I was kind of stunned the other day to learn that New York is the only state without a no-fault divorce law.
I guess I would have expected a few states in more traditional parts of the country to be sticklers when it comes to “preserving” marriage.
Two days ago, the NY state Senate voted 32-29 to allow “no-fault” divorce after a marriage has “irretrievably” broken down for at least six months. The Assembly is expected to go along.
Right now, one spouse must allege abandonment, adultery or one of a few other reasons in order to seek a divorce.
The only religious group that I have heard react to the Senate passage is the NYS Catholic Conference, which is predictably opposed to any changes that would make divorce more common.
Executive Director Richard Barnes released this statement:
The Bishops of New York State are disappointed with the Senate action today. Increasingly, society has come to view marriage as disposable and temporary. However, empirical evidence shows that children of divorce tend to suffer many negative consequences throughout their lives, from lower educational achievement rates to higher rates of substance abuse, criminal behavior and imprisonment.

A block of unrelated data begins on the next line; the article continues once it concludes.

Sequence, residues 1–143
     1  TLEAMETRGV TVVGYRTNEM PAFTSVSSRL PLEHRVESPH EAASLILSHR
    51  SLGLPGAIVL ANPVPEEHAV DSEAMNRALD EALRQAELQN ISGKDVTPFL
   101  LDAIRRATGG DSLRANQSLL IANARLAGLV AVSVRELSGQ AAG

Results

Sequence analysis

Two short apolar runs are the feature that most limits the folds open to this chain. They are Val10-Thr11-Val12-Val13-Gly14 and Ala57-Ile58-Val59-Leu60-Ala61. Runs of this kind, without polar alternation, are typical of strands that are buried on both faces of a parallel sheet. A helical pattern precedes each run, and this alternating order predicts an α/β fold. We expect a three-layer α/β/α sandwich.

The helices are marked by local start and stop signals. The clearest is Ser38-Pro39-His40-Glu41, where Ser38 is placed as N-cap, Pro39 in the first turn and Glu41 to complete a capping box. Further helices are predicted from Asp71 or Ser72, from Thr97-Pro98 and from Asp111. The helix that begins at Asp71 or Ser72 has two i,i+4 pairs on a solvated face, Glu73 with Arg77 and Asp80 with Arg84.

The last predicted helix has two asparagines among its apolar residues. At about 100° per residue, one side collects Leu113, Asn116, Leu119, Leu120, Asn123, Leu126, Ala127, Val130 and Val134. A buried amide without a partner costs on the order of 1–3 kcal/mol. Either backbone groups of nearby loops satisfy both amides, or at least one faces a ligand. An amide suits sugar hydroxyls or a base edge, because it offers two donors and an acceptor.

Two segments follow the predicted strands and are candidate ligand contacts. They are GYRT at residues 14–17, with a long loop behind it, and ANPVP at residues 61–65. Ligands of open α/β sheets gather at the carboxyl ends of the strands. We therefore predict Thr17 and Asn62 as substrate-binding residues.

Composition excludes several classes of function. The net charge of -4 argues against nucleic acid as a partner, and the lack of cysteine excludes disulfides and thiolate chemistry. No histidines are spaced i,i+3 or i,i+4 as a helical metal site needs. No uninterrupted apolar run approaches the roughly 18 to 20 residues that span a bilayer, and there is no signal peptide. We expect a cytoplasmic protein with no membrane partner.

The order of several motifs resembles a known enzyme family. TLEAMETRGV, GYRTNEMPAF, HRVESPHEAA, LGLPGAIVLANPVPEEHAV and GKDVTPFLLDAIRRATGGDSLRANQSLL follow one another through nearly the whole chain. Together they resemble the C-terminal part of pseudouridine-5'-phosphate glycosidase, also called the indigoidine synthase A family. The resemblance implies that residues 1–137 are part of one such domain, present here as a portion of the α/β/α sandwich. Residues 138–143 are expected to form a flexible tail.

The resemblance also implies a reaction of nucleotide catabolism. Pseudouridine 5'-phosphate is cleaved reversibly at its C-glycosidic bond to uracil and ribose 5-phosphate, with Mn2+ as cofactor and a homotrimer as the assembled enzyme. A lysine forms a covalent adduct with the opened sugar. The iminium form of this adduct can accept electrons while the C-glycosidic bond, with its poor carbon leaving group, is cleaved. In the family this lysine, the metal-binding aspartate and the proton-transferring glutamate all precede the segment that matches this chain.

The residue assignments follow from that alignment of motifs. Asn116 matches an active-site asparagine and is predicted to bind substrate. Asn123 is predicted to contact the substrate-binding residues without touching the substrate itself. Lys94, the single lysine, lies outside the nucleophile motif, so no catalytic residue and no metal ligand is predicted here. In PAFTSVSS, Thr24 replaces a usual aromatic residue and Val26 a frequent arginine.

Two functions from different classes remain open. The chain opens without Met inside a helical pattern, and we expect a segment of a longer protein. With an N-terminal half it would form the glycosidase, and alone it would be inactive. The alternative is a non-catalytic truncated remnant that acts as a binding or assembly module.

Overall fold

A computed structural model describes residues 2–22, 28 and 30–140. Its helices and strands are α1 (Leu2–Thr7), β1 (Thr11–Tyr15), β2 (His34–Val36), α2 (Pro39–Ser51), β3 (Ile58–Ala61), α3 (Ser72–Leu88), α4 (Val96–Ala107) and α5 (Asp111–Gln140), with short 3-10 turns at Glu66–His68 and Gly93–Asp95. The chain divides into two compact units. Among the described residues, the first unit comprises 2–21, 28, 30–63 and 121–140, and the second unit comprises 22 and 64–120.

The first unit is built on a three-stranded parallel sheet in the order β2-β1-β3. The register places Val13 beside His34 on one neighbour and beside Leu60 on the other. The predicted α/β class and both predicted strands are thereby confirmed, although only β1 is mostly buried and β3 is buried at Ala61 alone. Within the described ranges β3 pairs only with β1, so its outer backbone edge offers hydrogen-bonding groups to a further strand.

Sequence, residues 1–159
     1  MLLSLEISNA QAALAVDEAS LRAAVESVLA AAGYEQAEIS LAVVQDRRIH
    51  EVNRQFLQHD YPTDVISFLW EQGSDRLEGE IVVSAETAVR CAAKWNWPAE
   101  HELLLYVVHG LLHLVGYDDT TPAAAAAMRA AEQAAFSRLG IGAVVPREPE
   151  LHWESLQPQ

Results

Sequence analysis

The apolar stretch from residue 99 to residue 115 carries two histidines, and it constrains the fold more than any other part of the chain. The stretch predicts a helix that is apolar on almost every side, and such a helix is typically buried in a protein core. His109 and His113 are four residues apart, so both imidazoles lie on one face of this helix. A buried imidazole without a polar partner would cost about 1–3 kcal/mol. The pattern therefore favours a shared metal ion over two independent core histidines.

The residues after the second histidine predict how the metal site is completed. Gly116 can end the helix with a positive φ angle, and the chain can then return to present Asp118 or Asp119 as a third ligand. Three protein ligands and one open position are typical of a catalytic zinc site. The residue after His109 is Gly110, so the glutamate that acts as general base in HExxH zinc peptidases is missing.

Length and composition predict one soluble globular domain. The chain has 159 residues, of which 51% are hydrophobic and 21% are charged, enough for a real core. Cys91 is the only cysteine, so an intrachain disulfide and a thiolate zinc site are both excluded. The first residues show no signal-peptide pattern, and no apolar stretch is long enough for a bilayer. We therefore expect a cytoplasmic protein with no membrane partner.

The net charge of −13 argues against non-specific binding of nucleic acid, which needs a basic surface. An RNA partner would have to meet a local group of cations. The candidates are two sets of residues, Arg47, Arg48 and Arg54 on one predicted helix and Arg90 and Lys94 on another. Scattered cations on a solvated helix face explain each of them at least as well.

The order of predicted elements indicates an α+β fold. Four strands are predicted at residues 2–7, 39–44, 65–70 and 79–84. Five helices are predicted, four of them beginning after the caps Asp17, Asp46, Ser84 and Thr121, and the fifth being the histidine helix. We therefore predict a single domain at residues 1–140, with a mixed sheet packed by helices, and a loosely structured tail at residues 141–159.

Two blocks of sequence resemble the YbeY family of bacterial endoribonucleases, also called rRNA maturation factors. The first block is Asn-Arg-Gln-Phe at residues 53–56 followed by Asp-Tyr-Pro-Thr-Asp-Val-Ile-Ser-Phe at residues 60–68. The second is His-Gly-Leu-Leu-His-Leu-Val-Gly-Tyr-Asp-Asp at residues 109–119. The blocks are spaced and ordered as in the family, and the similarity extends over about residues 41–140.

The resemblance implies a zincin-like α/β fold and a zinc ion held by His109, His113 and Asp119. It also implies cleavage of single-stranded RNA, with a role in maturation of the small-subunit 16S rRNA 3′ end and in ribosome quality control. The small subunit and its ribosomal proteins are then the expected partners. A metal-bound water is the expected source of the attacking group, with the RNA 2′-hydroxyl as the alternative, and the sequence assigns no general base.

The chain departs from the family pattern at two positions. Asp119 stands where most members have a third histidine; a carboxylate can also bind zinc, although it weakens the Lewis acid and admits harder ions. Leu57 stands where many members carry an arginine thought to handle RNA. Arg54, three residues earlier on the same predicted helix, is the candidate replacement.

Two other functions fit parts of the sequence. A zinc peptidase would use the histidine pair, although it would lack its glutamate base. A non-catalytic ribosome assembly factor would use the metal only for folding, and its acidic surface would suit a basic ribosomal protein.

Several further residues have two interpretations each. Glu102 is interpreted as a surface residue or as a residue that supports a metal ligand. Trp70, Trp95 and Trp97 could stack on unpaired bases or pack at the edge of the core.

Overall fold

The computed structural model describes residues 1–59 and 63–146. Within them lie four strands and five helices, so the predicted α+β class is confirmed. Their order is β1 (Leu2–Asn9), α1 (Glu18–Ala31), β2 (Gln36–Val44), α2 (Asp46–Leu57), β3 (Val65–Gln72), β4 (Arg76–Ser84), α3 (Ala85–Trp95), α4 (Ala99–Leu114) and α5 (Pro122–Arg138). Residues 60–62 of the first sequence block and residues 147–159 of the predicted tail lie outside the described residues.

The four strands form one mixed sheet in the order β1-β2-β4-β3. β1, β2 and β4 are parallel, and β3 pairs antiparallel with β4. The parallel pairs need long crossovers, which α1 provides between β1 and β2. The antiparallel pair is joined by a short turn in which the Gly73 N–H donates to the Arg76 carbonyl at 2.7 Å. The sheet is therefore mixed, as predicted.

Clearly, not every marriage can be permanent. But when serious reasons exist, such as abuse, adultery or abandonment, the law provides for quick divorces. In cases where no such grounds are present, so-called “no fault” cases, a couple may divorce following a one-year legal separation. The state has a legitimate interest in such a waiting period, where reconciliation is still a feasible possibility, because of the important place of marriage in society, particularly as it relates to the stable rearing of children.
New York State has one of the lowest divorce rates in the country. While we see that as a cause for state pride, some sadly may see it as a problem to be corrected. We urge the state Assembly to reject this proposal and, failing that, we call on Gov. Paterson to veto it.
New Yorkers for Constitutional Freedoms, an evangelical lobbying group in Albany, has not released a statement on the Senate vote (that I have been able to find).
But the group does have a position on no-fault divorce, which is basically that we’re better off without it. Their position includes this statement about divorce:
Any divorce, regardless if it occurred under fault or no-fault laws, is one of life’s most painful experiences. It signifies the failure of a dream—a dream of intimacy, of family, of security, of meaning. The consequences of divorce can therefore be severe, not only economically, but particularly physically, emotionally and psychologically.
It would seem logical, therefore, that with the massive increases in divorce rates, the rate of children involved in divorce, and the social consequences of the divorce epidemic, that the Legislature would be looking for ways to strengthen marriages not make divorces easier to obtain.
I have not been able to find any statements in favor of no-fault divorce from religious groups.
I checked the website of Interfaith IMPACT of New York, a coalition of leaders from liberal religious traditions, but did not come across any mention of divorce.